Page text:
Across the country on December 25, the Christian communities will be celebrating Christmas. Churches and homes will be decorated in a traditional way and Christmas trees hung with glittery baubles. Gifts will have been bought to place at the bottom of the tree to be opened by excited children on Christmas morning. Carols will be sung and prayers said all over the world where Christmas is celebrated, but here in Pakistan, as Christians and other minorities look back over the last year, their memories are tinged with bitter sadness. For most of us, the memory of the bombing of All Saints Church in Peshawar on September 22 is a fading memory, but for the small community of Peshawari Christians, the memory is all too fresh. There is still no clear indication as to who was responsible for the deaths of 82 people on that dreadful day, and virtually every Christian family in the city had a member that died or was wounded.
This has been a year that has seen the quiet exodus of dozens of Hindu families from Balochistan, driven out by threats and in some instances, force. Sectarian killings are commonplace such is their frequency. No member of any of our rainbow of minority faiths and sects feels safe from persecution, ostracism or prejudice. Graves are violated and headstones overturned. A dark tide of intolerance has crept upon the nation. Yet, not all is bleak, and in Multan, Muslims went door to door giving gifts to Christian families in a splendid gesture of interfaith harmony that should be a model for us all. Christmas Day, December 25, is also the day we celebrate the birth of Muhammad Ali Jinnah, the man who more than any other individual brought Pakistan into being. He would be saddened by what he saw today, his dream sullied. Despite all this, Christmas for many is, in the words of the carol, a time to bring “tidings of comfort and joy” to all mankind and we wish all those celebrating it today a happy Christmas.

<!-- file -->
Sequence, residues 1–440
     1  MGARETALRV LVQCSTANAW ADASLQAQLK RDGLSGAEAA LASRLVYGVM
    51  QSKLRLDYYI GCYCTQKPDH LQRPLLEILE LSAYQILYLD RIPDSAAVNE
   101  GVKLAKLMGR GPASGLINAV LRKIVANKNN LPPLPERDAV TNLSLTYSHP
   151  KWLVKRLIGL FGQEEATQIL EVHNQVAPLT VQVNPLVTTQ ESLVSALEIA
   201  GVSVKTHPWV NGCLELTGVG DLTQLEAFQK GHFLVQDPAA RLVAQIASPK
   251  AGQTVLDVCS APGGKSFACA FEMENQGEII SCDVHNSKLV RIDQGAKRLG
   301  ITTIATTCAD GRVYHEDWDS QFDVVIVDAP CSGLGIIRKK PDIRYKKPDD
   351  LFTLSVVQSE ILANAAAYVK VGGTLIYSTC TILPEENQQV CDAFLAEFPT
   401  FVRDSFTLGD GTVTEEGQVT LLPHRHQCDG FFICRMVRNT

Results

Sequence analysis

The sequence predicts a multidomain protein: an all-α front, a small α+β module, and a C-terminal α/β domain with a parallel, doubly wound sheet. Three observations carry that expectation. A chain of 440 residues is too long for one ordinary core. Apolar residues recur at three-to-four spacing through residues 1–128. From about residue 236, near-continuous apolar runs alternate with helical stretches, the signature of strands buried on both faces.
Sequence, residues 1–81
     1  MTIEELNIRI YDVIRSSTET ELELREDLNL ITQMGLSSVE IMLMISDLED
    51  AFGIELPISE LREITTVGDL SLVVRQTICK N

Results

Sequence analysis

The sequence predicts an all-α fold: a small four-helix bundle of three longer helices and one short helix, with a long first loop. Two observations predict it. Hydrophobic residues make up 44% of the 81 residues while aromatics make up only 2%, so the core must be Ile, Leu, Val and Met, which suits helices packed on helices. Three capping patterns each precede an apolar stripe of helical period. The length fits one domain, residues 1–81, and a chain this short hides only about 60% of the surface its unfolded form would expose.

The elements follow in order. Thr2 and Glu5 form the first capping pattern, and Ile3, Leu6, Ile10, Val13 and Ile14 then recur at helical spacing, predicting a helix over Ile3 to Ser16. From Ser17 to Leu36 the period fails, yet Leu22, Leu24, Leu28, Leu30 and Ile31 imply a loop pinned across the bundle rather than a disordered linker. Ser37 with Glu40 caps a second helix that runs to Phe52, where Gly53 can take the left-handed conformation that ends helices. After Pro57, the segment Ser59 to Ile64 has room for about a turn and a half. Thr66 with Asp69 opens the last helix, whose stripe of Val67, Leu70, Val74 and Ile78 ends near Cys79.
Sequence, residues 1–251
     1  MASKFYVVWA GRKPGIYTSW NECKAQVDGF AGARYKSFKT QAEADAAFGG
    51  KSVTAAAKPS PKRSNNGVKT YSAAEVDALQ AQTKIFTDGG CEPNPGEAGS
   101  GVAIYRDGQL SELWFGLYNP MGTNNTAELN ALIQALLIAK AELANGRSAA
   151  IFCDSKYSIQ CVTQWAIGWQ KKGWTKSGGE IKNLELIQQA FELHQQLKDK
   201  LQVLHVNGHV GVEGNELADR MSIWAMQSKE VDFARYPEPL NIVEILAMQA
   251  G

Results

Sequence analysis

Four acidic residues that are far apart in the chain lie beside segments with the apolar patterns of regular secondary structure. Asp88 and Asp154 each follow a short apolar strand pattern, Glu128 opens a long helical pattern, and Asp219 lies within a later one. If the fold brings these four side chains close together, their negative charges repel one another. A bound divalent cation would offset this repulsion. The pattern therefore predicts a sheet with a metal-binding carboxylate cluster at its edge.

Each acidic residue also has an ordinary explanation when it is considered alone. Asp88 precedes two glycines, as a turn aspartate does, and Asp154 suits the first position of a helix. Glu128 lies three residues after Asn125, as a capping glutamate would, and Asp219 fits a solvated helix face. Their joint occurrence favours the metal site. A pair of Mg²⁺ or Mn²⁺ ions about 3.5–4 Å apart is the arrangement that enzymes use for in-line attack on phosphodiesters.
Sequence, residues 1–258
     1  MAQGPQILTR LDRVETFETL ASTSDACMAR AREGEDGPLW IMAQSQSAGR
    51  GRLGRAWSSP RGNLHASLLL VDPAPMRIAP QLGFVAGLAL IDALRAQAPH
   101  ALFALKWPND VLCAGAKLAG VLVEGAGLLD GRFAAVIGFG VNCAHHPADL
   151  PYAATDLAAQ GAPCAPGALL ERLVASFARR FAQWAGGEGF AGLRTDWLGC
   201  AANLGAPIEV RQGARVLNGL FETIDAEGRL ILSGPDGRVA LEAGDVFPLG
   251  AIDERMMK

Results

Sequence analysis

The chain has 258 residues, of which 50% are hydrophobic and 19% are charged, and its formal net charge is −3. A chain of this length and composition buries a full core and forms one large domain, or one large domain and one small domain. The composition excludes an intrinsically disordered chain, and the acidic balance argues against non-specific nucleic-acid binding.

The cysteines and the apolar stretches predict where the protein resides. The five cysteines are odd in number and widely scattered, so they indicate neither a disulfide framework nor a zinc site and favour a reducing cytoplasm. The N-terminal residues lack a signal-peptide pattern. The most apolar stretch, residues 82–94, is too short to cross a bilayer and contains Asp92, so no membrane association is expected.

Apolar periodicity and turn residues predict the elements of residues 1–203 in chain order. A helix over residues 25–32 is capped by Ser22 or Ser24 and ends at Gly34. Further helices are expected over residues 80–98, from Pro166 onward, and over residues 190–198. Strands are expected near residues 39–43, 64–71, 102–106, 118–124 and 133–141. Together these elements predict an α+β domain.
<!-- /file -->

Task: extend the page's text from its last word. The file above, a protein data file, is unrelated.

Published in The Express Tribune, December 25th, 2013.
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